Sunday, October 11, 2009

Sunday Afternoon

I have returned from a weekend in the mountains with a bunch of sober alcoholics. I got to see my friend celebrate 40 years of continuous sobriety. I got to stay in a cabin with my daughter, my sponsor and her husband, and two young men who I have known since they have gotten sober. It was nice. I got to see a bunch of folks I haven't seen for a while, including an old friend I seldom see anymore. I got to go to lots and lots of AA meetings.

On Friday night there was a huge meeting at the lodge where we were staying - I was absolutely shocked at the chicanery taking place in the meeting. The chair person decided he could simply recite the preamble instead of reading it like everyone else. Of course, that backfired on him and he forgot most of it. (pride cometh before a fall?) And then during the reading of the 5th chapter it was like a circus with people reciting parts and parodying parts and asking questions "What's the point?" etc. It was horrifying to me. At one point I said, forgive the obscenity, but I simply said "what the fuck?" and people looked at me as if I had lost my mind... except for the older people.

How are we allowing this to happen? What is this? No wonder people have such a low opinion of us. We have GOT to knock this crap off. It might be fun in a limited way to a few people who "know the words" and think they are in on a big inside joke, but it is SO NOT A JOKE. It is ridiculous and makes us look childish and cult-like.

But aside from that Mrs. Lincoln, how did you enjoy the play?

It was great. It was nice to watch my daughter experience this kind of fellowship for the first time. But I am over-tired and over-stimulated and need some serious down-time. It was interesting to see that by this afternoon my daughter and the young man who had ridden with us were also a bit tired and irritable too. I thought it was just my age, but I guess not.

Sorry for my general grumpiness.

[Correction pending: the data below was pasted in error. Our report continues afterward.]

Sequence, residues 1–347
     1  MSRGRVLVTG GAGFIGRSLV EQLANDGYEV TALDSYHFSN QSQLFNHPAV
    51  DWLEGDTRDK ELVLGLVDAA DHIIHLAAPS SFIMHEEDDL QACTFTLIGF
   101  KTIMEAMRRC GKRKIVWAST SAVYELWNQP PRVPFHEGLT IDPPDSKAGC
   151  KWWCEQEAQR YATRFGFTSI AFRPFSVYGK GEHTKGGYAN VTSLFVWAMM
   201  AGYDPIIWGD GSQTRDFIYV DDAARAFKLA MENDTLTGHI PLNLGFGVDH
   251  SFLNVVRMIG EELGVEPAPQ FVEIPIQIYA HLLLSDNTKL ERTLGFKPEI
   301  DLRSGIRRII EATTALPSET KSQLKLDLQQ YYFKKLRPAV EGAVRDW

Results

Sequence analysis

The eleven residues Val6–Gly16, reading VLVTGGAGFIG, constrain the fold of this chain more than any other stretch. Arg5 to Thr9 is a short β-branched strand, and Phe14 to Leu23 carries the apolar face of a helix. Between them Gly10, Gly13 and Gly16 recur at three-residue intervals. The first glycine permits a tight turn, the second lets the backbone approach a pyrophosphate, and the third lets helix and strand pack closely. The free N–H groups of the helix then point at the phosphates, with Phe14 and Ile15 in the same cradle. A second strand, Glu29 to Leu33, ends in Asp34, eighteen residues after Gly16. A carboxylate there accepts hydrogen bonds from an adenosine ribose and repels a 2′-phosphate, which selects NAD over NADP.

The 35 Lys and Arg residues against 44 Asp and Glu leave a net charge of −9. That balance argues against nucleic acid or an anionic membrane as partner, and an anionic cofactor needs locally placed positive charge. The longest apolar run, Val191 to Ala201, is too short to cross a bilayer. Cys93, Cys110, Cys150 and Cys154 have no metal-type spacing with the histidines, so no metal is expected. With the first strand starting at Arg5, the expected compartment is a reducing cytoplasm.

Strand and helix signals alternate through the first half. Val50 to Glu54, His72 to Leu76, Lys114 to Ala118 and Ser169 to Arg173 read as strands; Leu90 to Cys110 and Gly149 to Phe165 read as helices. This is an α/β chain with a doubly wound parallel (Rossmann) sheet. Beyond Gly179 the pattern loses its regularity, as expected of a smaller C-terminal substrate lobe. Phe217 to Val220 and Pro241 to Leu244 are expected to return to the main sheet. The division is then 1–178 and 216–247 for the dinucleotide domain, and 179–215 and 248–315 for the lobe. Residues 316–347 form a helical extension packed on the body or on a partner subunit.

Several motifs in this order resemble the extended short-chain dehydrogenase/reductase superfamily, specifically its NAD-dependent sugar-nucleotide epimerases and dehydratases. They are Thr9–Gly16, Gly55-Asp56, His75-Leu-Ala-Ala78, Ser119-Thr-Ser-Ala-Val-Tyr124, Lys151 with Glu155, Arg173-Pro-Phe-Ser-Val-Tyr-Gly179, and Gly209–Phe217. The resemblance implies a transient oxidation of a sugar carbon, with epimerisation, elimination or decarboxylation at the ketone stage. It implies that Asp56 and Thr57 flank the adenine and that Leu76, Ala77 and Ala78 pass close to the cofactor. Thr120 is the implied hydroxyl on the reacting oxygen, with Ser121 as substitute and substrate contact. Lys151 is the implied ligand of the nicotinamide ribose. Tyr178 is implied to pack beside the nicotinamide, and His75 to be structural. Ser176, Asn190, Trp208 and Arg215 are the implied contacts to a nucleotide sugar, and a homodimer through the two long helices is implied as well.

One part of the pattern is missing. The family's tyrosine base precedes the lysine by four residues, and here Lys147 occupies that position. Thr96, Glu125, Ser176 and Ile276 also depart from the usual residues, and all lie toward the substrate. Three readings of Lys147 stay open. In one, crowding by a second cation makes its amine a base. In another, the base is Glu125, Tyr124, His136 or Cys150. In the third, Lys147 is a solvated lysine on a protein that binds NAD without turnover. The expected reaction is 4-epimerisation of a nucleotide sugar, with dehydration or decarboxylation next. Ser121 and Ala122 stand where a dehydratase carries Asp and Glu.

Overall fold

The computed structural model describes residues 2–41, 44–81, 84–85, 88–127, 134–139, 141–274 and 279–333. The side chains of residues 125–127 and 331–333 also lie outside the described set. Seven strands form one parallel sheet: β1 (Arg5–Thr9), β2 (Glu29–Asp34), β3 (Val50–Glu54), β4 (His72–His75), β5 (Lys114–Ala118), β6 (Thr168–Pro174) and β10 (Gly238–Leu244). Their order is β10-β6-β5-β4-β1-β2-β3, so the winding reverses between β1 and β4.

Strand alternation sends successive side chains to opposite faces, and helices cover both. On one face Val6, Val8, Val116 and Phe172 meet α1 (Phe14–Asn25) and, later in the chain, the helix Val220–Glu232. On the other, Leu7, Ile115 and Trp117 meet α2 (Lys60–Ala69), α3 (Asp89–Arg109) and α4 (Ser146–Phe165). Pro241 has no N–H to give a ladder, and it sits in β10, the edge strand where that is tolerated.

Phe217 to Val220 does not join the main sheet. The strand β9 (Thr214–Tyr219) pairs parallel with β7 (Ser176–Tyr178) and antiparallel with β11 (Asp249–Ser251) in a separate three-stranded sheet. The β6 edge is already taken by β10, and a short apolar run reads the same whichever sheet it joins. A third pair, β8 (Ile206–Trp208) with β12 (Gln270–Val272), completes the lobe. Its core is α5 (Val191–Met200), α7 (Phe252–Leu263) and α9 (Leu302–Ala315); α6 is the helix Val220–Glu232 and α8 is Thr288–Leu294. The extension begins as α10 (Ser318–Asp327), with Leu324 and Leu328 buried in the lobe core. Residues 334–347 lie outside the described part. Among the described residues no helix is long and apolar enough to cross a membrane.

Grateful, grateful, grateful to be home....

15 comments:

Anonymous said...

welcome home

Madison said...

Loved reading the post. Just want to mention that in my world people don't have a low opinion of AA. Otherwise, I agree with everything you wrote for what that's worth. Especially that AA is so not a joke.

dAAve said...

Glad yall made it home safely and the weather didn't spoil things.

Thanks again for your generous hospitality while I was there (and before and after, for that matter).

Patty said...

I have encountered that at meetings before. I refer to it as underground AA, not real AA. The "whats the point" thing is from the treatment centers. Lots of chanting goes on there. They need to be told that it is not acceptable because they do not know any better and no one has ever told them, or cared enough about AA to tell them that it is not acceptable. A product of lack of sponsorship, so we need to invade those meetings and carry "The" message of Alcoholics Anonymous.

Ed G. said...

Glad you had a good time. God is good...

We have a lot of work to do...

Blessings and aloha...

Sobr1 said...

All of our sobriety should be treated with the respect it deserves. It is the most important thing in my life, because it MEANS life.

I would have been taken aback at that meeting too. Glad you have a handle on the right stuff.

Mary LA said...